Three alternative mobile games marketing strategies

Posted on April 20, 2015 by Eric Benjamin Seufert

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As a “winner-takes-all” marketplace, the app economy is fundamentally hostile to new entrants. But four other trends and forces have created additional frictions to launching mobile games over the past 12 – 18 months:

The additional difficulties these factors have imposed on free-to-play mobile game developers come in the form of distribution costs: while app discovery is not broken, it favors the rich when user base growth is dependent on Lifetime Customer Value / Cost Per Install arbitrage. This is why the Top Grossing chart is frozen; only a few developers can compete on the basis of their marketing budgets and existing networks.

But adversity begets opportunity, and some mobile game developers have adapted to the challenges of the app economy by employing new strategies (compared to the marketing metrics-driven, advertising-based model that can be seen as the mobile free-to-play status quo) to drive growth:

The Gimmick

A gimmick (within the context of a mobile game) is an extremely simple, competitive game mechanic that lends itself to comparison (eg. high score) and thus social sharing. Flappy Bird is probably the most successful prototype from this category, but other games (for instance, Crossy Road) have found success with this model.

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This approach doesn’t lend itself to monetization; approachability and ease of comparison (ie. how easily can I communicate what this game is about and what I’ve accomplished in it?) seem to correlate negatively with how heavy-handed the successful gimmick-based games have driven in-app purchases, if they even offer them.

This leaves advertising as the primary revenue driver for these games, which, with the rise in video and native ad formats on mobile, is becoming a viable alternative to in-app purchases revenue for games with (very) large user bases.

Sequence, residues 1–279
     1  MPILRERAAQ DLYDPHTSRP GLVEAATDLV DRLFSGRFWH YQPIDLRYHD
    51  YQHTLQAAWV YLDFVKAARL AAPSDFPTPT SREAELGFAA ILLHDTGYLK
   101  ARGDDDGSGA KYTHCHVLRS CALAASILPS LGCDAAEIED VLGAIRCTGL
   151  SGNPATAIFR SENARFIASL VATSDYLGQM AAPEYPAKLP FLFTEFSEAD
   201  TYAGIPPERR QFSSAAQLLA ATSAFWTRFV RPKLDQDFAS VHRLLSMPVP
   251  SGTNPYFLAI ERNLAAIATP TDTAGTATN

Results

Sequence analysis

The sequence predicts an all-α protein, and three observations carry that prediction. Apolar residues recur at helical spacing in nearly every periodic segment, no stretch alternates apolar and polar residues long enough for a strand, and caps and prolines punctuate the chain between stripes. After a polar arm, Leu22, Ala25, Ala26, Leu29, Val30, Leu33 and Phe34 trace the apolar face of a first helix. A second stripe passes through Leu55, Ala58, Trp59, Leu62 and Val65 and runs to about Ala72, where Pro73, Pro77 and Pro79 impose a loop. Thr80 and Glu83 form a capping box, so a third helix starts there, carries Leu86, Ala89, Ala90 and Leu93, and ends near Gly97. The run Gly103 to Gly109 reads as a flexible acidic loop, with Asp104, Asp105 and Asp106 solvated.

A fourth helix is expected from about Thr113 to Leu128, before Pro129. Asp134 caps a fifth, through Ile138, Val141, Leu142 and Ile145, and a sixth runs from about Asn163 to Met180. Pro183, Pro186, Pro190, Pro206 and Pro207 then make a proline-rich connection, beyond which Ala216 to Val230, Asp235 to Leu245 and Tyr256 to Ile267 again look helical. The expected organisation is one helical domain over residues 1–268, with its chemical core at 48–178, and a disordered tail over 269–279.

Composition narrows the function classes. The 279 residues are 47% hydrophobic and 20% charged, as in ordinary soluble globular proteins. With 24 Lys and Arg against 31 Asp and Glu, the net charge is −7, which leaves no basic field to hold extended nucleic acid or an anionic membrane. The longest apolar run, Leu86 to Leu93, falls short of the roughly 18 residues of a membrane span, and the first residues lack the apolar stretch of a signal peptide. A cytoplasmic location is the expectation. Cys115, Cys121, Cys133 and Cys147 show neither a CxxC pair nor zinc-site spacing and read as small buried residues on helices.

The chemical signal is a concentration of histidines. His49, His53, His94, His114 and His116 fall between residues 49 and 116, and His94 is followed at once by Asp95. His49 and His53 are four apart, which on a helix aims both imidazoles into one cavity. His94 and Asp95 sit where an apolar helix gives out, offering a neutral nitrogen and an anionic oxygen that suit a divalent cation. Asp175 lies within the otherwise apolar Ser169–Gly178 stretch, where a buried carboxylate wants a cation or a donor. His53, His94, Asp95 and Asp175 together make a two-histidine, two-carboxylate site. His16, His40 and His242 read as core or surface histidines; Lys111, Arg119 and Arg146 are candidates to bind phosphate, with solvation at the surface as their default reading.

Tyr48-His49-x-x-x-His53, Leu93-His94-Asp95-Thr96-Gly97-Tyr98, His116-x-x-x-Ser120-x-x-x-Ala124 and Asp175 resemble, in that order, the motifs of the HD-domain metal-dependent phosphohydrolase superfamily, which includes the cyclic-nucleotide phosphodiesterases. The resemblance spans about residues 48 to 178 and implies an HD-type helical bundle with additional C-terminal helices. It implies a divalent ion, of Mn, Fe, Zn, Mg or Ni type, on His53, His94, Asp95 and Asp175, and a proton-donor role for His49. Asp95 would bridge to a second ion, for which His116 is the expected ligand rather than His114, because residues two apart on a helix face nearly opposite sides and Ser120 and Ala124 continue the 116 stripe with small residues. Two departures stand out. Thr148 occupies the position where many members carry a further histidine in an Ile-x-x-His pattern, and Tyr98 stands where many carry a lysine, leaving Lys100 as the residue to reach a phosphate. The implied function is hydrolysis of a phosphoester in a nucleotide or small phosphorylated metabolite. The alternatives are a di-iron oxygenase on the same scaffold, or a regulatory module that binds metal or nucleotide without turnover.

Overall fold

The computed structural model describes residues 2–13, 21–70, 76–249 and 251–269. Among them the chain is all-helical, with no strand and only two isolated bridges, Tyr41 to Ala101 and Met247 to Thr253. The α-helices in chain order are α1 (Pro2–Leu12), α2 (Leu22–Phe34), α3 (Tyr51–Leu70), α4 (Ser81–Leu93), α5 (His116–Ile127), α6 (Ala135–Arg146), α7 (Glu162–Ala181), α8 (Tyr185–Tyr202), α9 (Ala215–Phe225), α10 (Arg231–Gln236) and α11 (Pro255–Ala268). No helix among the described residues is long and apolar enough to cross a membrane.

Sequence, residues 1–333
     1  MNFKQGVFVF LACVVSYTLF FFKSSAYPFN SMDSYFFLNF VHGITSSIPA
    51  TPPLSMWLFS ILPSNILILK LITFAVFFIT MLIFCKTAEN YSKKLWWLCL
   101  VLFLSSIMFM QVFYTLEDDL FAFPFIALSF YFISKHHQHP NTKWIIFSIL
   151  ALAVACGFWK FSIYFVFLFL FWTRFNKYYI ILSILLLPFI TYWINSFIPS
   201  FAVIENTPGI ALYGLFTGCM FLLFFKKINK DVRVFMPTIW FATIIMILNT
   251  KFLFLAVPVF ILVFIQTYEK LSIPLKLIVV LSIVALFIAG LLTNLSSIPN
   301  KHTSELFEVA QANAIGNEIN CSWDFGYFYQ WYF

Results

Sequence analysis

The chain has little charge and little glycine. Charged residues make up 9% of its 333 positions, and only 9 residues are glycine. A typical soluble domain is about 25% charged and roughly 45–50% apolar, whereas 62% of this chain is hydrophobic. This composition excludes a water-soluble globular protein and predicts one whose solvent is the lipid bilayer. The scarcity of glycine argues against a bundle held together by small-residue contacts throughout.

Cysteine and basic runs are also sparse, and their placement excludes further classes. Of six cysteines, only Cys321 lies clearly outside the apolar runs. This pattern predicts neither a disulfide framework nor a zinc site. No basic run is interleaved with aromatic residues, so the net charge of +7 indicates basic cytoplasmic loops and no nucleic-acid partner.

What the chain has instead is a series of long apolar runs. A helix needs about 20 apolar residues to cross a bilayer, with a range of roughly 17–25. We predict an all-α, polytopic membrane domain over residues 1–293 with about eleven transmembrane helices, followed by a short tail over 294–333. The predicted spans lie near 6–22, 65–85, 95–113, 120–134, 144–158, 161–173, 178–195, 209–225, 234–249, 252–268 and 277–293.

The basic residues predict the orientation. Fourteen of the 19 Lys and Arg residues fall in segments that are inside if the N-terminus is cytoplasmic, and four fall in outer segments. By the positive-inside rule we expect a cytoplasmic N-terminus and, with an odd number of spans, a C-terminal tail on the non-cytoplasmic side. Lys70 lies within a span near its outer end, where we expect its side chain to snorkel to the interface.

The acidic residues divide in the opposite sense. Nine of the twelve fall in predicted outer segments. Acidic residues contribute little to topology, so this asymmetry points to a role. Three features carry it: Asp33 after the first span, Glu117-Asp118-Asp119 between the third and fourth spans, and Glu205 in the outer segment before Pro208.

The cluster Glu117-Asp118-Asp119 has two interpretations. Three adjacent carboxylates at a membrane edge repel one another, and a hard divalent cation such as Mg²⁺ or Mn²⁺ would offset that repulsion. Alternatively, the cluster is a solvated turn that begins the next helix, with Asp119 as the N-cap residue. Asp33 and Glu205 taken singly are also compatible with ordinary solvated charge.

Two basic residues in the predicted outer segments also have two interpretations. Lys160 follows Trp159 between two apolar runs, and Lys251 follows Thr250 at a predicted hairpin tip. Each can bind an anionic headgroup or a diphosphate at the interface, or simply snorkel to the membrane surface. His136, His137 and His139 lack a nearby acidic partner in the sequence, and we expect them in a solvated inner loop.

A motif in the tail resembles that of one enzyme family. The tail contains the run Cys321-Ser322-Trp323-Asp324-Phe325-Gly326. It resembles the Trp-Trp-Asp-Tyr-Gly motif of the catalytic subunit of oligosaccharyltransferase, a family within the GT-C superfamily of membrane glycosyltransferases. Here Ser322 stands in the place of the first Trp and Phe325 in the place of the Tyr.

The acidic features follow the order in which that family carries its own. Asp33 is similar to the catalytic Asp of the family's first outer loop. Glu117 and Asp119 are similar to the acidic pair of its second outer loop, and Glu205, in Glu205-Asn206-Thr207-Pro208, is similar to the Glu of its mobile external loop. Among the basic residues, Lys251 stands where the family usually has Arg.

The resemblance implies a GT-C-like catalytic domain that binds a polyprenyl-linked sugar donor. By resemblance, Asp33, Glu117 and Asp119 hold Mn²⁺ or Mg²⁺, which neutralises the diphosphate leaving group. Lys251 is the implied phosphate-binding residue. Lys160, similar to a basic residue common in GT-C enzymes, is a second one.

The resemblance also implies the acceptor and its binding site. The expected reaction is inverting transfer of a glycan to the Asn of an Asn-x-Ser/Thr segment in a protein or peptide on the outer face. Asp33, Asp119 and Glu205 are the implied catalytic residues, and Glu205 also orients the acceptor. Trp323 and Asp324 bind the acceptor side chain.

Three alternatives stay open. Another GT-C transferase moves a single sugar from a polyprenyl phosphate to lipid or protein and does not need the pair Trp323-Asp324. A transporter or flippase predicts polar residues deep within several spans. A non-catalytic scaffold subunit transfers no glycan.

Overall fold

The Celebrity Co-Brand

Most notably utilized by Glu with Kim Kardashian: Hollywood (which will be followed up by that studio with an upcoming Katy Perry-branded game), this strategy offsets marketing costs via celebrity name recognition, social media traffic, and mainstream press coverage (although public interest in celebrity co-branded games may wane as they become more popular, reducing the likelihood of mainstream press).

The Second Screen Extension

TV viewing behavior has evolved to incorporate a second screen, so any game that extends a television brand onto mobile can potentially benefit from escalated interest during airings of those programs (such as EA’s Madden NFL Football and The Simpsons: Tapped Out or TinyCo’s Family Guy: The Quest for Stuff).

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Organic search activity isn’t the only reason to pursue a second screen strategy; new advertising solutions are emerging to allow game developers to run campaigns during the airing of television programs, potentially increasing campaign performance (and thus reducing advertising costs). Many of these solutions are imperfect, but they presage growth in this area.